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  • 4
    Language: English
    In: Journal of Applied Psychology, Nov, 2010, Vol.95(6), p.1121(13)
    Description: We developed a model predicting that leaders are most effective in stimulating follower cooperation when they consistently treat all group members in a fair manner and are prototypical (i.e., representative of the group's values and norms). In support of this idea, we consistently found that group members cooperated most when prototypical leaders treated themselves as well as their coworkers fairly across a laboratory experiment and 3 cross-sectional field studies. These findings highlight the important role of others' fairness experiences and perceptions in influencing one's own reactions and also the role of leaders as representing the group's values and norms. We discuss implications for fairness theory and the leader prototypicality literature. Keywords: procedural fairness, others' procedural fairness, OCB, cooperation, prototypicality DOI: 10.1037/a0020419
    Keywords: Leadership -- Research ; Leadership -- Psychological Aspects
    ISSN: 0021-9010
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  • 5
    Language: English
    In: Journal of Applied Psychology, 2010, Vol.95(3), pp.488-502
    Description: Building on fairness heuristic theory, fairness theory, and trust development models, we argue that unfairly enacted procedures decrease followers' trust in the authority particularly when authorities have high power over their followers. Moreover, we expected trust to mediate procedural fairness effects on followers' attitudes (authorities' legitimacy and charisma attributed to authorities) and organizational citizenship behavior. Procedural fairness effects on these variables, as mediated by trust, should therefore also be stronger when authority power is high. The results of a single- and multisource field study and a laboratory experiment supported these predictions. These studies support the role of authority power as a theoretically and practically relevant moderator of procedural fairness effects and show that its effectiveness is explained through trust in authorities.
    Keywords: Procedural Fairness ; Power ; Trust ; Charisma ; Ocb
    ISSN: 0021-9010
    E-ISSN: 1939-1854
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  • 6
    In: Personnel Psychology, March 2012, Vol.65(1), pp.1-48
    Description: We examine the influence of individuals’ propensity to morally disengage on a broad range of unethical organizational behaviors. First, we develop a parsimonious, adult‐oriented, valid, and reliable measure of an individual's propensity to morally disengage, and demonstrate the relationship between it and a number of theoretically relevant constructs in its nomological network. Then, in 4 additional studies spanning laboratory and field settings, we demonstrate the power of the propensity to moral disengage to predict multiple types of unethical organizational behavior. In these studies we demonstrate that the propensity to morally disengage predicts several outcomes (self‐reported unethical behavior, a decision to commit fraud, a self‐serving decision in the workplace, and supervisor‐ and coworker‐reported unethical work behaviors) beyond other established individual difference antecedents of unethical organizational behavior, as well as the most closely related extant measure of the construct. We conclude that scholars and practitioners seeking to understand a broad range of undesirable workplace behaviors can benefit from taking an individual's propensity to morally disengage into account. Implications for theory, research, and practice are discussed.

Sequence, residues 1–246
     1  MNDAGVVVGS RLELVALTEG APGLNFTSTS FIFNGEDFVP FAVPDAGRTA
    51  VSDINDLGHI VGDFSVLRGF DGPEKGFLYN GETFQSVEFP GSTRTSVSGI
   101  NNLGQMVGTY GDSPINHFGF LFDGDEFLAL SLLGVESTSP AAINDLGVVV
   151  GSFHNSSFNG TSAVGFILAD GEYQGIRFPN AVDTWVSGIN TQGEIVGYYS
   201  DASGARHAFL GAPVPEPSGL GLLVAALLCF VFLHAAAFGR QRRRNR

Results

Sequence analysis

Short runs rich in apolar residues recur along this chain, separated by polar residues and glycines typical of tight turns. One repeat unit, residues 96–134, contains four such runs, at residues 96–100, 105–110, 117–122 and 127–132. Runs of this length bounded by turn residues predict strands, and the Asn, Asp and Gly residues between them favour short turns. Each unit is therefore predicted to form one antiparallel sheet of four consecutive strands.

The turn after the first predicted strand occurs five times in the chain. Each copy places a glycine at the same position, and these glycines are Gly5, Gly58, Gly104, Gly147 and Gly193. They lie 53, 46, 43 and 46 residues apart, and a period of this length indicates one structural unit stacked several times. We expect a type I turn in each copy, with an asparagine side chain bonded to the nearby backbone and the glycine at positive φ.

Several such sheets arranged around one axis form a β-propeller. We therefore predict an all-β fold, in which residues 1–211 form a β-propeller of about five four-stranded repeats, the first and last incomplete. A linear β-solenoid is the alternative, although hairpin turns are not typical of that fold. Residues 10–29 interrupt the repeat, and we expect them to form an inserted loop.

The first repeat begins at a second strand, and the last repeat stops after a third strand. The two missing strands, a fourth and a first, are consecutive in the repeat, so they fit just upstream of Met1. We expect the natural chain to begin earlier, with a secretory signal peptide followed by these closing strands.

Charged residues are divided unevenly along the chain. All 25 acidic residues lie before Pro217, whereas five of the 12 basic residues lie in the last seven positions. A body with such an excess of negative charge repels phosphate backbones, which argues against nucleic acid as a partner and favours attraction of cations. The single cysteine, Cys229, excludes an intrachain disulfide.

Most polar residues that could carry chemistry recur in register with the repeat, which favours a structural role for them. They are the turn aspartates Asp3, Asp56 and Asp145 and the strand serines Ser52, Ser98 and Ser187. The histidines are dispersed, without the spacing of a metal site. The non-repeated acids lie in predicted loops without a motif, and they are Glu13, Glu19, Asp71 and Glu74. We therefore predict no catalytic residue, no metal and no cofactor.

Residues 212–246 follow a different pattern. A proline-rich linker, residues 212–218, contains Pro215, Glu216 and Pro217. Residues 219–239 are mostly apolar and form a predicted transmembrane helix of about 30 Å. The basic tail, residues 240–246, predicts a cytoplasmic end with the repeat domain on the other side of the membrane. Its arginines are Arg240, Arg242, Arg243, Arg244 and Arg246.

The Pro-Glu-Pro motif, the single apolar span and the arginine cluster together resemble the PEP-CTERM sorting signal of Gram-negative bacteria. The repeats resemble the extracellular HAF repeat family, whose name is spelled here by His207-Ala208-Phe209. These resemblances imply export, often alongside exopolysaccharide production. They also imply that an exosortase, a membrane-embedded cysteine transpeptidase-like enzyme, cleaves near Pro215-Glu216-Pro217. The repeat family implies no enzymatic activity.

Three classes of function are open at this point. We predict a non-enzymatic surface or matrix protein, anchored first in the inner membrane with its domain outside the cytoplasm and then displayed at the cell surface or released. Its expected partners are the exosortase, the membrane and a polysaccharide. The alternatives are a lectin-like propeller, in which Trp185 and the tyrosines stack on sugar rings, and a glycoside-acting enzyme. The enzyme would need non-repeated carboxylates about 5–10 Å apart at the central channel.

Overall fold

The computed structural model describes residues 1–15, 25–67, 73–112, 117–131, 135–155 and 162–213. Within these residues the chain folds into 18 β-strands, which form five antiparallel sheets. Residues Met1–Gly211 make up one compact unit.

Keywords: Business ; Psychology;
    ISSN: 0031-5826
    E-ISSN: 1744-6570
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  • 7
    Language: English
    In: Organizational Behavior and Human Decision Processes, March 2012, Vol.117(2), pp.235-248
    Description: ► We integrate empowering leadership into relational fairness models. ► Encouraging self-development instilled a wish for status information in a lab study. ► It also strengthened the procedural fairness–OCB link, via status, in a field study. ► Encouraging independent action decreased the desire for status information. ► It also weakened the procedural fairness-OCB link, via status. We examined how procedural fairness interacts with empowering leadership to promote employee OCB. We focused on two core empowering leadership types— and . An experiment revealed that leaders encouraging self-development made employees desire status information more (i.e., information regarding one’s value to the organization). Conversely, leaders encouraging independent action decreased employees’ desire for this type of information. Subsequently, a multisource field study (with a US and German sample) showed that encouraging self-development strengthened the relationship between procedural fairness and employee OCB, and this relationship was mediated by employees’ self-perceived status. Conversely, encouraging independent action weakened the procedural fairness-OCB relationship, as mediated by self-perceived status. This research integrates empowering leadership styles into relational fairness theories, highlighting that multiple leader behaviors should be examined in concert and that empowering leadership can have unintended consequences.